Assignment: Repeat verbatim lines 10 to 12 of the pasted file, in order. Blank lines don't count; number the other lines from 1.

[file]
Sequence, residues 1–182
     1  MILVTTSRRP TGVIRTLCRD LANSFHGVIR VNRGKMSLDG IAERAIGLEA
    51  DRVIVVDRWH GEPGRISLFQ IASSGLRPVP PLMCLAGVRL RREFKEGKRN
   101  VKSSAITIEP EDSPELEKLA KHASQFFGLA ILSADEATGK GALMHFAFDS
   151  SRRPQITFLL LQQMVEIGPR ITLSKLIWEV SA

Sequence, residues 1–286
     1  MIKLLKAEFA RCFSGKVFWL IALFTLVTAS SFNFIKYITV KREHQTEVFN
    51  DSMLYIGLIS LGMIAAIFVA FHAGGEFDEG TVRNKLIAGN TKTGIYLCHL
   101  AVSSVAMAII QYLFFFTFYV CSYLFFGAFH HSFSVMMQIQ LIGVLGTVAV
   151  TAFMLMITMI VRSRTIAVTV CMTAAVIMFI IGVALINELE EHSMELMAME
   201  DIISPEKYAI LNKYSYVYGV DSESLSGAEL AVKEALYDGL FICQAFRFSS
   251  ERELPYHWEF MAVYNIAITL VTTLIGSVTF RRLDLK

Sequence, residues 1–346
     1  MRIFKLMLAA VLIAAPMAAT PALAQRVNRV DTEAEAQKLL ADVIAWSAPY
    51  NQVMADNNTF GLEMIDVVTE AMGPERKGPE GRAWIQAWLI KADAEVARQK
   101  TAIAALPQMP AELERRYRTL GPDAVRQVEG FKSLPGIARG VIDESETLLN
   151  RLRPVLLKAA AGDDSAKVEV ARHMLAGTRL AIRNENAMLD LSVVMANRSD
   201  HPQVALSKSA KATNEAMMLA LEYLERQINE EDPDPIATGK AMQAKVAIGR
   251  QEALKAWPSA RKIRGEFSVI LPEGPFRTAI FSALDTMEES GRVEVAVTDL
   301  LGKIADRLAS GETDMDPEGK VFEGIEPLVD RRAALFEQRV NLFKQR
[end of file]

   151  TAFMLMITMI VRSRTIAVTV CMTAAVIMFI IGVALINELE EHSMELMAME
   201  DIISPEKYAI LNKYSYVYGV DSESLSGAEL AVKEALYDGL FICQAFRFSS
   251  ERELPYHWEF MAVYNIAITL VTTLIGSVTF RRLDLK